Here at Akamai, we're busy preparing for RSA Conference 2014. It's the biggest security conference of the year, and we send a platoon of employees every time. Given our role in securing the Internet, it's a no-brainer.
But there are many other conferences we attend each year, because:
- We have a lot of information to share about attacks against Akamai customers and how the security team continues to successfully defend against them.
- We have to stay on top of all the latest threats and attack techniques so we can continue to be successful. Conferences are an important place to do that.
Next week, I'm attending one of the lesser-known conferences: ShmooCon 2014 in Washington DC. In recent years, I've found some of the best content at this event, and I've learned a lot. It's also an excellent place to meet other security practitioners that can become important allies. Some of the most important contacts I've made were at ShmooCon.
The unfamiliar usually chuckle or cock their heads in puzzlement when I tell them about ShmooCon. The name throws them off, and it's not a traditional business conference. ShmooCon is organized by the Shmoo Group, a security think tank started by Bruce Potter in the late 1990s. Attendees represent the full cross section of the security industry. There are hackers, CSOs, government security types and everything in between. More than a few people have compared it to the Black Hat conferences of old or a smaller version of Defcon.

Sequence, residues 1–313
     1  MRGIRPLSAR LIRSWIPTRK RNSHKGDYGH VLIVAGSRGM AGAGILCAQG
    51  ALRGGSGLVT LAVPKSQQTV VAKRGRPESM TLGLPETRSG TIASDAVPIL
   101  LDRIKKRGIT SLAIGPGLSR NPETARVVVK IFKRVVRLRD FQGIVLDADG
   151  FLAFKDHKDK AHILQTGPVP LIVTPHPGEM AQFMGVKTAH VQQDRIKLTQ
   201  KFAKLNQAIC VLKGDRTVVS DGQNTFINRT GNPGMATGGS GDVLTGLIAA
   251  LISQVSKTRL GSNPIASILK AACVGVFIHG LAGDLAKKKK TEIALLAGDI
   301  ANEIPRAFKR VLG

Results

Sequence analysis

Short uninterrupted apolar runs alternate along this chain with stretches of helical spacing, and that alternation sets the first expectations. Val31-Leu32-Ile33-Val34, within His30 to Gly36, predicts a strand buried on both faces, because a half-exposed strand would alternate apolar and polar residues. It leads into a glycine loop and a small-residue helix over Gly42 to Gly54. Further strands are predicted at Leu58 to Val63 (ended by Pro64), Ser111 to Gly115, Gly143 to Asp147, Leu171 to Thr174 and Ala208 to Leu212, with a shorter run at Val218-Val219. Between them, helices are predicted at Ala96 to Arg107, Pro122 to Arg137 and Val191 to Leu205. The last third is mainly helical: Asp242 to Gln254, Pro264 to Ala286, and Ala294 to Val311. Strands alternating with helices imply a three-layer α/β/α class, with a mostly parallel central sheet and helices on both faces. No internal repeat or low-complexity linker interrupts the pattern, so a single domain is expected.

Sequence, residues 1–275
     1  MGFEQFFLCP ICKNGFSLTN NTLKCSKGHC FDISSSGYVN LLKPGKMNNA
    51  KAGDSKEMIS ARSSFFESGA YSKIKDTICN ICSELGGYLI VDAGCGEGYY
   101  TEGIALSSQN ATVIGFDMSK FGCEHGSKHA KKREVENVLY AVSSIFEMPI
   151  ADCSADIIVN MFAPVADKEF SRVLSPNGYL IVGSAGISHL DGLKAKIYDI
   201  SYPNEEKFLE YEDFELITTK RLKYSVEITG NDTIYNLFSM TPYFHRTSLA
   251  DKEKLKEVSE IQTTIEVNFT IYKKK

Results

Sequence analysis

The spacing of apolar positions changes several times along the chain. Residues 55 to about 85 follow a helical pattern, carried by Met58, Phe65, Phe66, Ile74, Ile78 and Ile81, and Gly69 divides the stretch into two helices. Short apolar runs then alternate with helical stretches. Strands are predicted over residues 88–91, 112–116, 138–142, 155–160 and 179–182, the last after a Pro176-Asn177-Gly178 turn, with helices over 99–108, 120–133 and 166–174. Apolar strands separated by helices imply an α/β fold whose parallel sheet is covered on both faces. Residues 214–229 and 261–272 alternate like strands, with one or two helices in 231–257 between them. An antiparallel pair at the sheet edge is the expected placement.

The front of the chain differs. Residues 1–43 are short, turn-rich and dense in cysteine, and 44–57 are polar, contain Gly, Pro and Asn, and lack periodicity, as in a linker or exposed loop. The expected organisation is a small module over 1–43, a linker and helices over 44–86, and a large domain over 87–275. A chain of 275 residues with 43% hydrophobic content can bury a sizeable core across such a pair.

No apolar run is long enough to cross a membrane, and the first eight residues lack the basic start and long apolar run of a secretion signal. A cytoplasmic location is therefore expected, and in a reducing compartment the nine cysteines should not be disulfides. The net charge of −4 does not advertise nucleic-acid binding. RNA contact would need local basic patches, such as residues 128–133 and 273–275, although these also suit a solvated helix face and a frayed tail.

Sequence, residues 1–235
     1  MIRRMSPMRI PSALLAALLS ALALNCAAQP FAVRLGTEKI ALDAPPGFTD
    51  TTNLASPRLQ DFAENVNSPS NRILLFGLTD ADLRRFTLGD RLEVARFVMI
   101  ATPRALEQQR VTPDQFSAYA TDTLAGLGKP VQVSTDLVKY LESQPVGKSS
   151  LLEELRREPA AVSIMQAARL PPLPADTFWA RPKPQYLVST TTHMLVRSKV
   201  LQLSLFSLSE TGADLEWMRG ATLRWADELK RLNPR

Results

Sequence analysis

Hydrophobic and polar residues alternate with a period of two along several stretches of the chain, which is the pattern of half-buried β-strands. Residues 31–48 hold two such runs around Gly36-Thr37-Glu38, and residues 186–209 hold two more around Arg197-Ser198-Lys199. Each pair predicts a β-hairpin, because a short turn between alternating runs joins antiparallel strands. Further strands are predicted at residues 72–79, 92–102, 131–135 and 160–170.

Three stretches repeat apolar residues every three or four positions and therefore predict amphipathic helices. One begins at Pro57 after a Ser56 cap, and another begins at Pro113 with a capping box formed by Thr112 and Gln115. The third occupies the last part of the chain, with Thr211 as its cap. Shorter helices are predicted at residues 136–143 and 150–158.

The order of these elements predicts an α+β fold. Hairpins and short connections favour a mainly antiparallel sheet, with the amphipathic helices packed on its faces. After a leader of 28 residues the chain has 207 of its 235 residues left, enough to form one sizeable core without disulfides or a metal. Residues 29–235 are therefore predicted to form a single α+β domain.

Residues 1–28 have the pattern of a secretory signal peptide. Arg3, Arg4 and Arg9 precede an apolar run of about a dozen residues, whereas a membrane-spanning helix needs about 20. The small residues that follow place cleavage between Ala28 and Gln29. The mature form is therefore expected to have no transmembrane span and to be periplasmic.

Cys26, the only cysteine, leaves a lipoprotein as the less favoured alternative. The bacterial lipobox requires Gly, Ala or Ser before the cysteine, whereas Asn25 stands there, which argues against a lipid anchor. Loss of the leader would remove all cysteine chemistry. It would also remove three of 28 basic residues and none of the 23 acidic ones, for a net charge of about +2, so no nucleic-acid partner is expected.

The event has inspired a lot of thinking outside the box -- not just in terms of the talks, but in how attendees travel and network. In recent years people have carpooled to ShmooCon. For three years in a row I traveled to and from the event in what we called the Shmoobus -- An RV crammed with hackers making the journey from Boston to Washington DC. Those 12-hour drives made for a lot of bonding. With such a long trek, there's time to delve into deep discussions about the challenges of our jobs.
The Shmoobus is no more, unfortunately. But what I learned about security on those journeys will last a lifetime.
For more information about ShmooCon, visit the website. The full agenda is posted, including one of my favorite parts of the event, Friday-night "fire talks" -- 15-minute presentations where speakers are challenged to dive right into the core of their content.
I'll write about the talks and other ShmooCon events from this blog.